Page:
Long-time employee bilks his firm over and over, surprised when fired

Gabriel v. Cargill Ltd., 2003 CarswellSask 730 (Sask. Q.B.)

Gary Gabriel was the elevator manager at Cargill Ltd., a company that bought and sold grain and fertilizer in Moose Jaw, Sask. At the time of his dismissal, he was earning $74,000 per year. He had been with Cargill for 26 years.

In 1999 Cargill got wind of a rumour that some employees were committing fraud. They investigated, and one employee — Gordon Clark — confessed to having “diverted” $10,000 by taking money from customers and later issuing a return for merchandise that had never been returned. Clarke implicated Gabriel in his confession, stating he’d also been diverting funds for years.

Gabriel later signed a confession, admitting to taking $2,000 over seven years in cash diversions. He justified it by saying he had put in “lots of overtime.”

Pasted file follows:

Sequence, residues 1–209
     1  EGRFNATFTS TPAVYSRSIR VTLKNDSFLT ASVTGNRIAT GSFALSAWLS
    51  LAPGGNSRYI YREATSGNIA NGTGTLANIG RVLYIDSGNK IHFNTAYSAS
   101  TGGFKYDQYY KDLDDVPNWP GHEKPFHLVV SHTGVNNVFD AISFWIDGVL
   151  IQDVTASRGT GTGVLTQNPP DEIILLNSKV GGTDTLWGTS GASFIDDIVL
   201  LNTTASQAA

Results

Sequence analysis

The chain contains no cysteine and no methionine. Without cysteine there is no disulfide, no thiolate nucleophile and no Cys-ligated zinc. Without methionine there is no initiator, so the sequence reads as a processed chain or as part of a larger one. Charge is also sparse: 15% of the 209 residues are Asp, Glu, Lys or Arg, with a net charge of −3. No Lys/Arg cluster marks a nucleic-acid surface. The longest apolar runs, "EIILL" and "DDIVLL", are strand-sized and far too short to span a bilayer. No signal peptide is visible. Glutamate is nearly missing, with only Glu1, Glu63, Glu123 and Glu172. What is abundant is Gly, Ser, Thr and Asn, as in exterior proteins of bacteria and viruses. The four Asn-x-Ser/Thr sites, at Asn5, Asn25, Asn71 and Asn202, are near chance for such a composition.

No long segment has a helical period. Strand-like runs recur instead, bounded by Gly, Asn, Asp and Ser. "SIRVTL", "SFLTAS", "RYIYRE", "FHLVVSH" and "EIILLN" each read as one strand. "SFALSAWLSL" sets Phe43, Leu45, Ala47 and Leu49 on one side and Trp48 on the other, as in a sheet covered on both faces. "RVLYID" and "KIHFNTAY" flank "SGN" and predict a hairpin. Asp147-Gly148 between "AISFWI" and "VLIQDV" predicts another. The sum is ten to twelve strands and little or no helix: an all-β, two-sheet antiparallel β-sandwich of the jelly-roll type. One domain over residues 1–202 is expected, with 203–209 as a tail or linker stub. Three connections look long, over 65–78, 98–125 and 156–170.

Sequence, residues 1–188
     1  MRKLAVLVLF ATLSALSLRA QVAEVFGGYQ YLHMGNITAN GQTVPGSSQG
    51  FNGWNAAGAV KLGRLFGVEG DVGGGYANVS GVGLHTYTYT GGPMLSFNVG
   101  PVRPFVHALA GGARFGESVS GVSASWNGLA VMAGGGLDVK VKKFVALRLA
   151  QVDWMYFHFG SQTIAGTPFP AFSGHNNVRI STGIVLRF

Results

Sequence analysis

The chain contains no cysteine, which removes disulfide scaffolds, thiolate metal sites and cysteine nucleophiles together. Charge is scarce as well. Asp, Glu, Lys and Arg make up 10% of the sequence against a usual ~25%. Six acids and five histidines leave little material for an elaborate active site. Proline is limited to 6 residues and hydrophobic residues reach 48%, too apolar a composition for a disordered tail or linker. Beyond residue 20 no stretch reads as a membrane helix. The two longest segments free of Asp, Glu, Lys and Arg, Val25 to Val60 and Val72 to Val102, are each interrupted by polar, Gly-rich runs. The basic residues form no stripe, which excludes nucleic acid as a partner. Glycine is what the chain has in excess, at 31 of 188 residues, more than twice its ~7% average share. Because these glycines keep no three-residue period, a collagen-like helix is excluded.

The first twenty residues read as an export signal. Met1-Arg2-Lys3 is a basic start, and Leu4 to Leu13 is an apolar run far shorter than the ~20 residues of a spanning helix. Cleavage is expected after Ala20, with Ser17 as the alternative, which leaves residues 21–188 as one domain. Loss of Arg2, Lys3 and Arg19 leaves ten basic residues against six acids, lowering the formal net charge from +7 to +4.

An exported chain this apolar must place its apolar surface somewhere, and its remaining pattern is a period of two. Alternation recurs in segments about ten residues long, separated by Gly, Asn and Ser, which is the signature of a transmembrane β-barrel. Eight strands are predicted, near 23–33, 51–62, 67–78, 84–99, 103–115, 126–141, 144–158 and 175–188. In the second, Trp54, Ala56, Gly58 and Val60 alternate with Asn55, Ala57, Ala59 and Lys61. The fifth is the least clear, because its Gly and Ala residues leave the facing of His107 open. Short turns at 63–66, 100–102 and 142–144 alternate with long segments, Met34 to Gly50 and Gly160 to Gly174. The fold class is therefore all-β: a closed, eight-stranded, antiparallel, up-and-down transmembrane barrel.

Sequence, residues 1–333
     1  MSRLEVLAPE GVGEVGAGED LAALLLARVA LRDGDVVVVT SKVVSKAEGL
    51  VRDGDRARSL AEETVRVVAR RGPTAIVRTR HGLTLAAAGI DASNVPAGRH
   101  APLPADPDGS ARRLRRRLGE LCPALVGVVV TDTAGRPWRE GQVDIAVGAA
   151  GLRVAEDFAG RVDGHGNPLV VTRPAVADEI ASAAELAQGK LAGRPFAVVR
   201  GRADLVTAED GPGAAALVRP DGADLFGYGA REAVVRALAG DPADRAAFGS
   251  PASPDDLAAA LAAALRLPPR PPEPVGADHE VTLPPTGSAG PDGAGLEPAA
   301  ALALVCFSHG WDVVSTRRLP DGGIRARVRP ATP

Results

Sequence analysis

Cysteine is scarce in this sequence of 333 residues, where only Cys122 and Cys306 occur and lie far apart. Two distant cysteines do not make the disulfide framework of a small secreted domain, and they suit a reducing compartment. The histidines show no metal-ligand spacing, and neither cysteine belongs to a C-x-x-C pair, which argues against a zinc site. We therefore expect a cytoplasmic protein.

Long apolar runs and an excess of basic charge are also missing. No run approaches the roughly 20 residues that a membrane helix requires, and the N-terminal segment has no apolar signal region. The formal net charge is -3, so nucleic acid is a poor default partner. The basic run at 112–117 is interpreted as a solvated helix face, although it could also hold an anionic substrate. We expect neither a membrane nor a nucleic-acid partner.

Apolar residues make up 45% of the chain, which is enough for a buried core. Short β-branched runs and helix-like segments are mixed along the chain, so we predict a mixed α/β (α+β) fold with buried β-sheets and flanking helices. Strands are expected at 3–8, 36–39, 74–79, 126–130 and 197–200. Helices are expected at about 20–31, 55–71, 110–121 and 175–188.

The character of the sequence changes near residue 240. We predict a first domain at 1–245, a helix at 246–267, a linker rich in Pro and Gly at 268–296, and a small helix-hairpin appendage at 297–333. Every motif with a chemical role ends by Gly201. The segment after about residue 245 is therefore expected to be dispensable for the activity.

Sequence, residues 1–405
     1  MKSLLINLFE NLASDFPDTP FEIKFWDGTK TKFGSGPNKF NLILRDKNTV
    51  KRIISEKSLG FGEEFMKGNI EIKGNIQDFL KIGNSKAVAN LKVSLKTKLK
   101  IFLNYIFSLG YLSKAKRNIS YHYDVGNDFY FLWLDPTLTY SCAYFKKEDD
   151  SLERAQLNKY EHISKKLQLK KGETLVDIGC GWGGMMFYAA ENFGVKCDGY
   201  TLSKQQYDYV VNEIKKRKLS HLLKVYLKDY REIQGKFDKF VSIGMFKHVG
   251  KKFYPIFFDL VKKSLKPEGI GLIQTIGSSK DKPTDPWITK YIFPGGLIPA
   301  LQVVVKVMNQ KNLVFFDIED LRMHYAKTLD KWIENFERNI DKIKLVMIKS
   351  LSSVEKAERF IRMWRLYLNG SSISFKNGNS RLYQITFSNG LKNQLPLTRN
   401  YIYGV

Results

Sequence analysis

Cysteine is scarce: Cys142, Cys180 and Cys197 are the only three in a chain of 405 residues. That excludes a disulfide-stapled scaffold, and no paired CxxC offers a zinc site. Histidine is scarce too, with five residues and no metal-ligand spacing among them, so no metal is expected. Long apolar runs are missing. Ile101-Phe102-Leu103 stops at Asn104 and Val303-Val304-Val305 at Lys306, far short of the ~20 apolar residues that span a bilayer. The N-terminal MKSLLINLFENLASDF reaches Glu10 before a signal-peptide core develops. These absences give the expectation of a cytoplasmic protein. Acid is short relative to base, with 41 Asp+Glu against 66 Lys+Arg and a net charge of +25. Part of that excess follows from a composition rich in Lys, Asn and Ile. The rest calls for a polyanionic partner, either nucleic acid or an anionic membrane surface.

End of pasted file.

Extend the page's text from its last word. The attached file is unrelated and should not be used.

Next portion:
Gabriel also admitted to changing the grade on certain loads of durum, from No. 1 grade to 140, resulting in a $7,000 overpayment credit for the customer. In turn the customer gave Gabriel a 1996 Polaris ATV 400 which Gabriel kept in the Cargill maintenance shed. He said he intended it to be used for work at the Moose Jaw elevator and he did it because he knew Cargill would never have authorized the expense.

Gabriel later said he was pressured into making his confession and that he really didn’t read it closely, despite having initialed each page. He said he was “really some upset already then and I just didn’t pay attention, but I signed it and got out of there.” He assumed the situation would be dealt with internally, with him paying back the money and keeping his job.

In November Gabriel phoned two Cargill executives to plead for his job. One of them asked him if he’d done anything else to the company, and he confessed to having sold some surplus fertilizer and taking most of the profit.

The court dismissed Gabriel’s appeal, stating Cargill was justified in firing Gabriel. It said his dishonesty “destroyed the element of trust that was a prerequisite of his continued employment. ”

Latest stories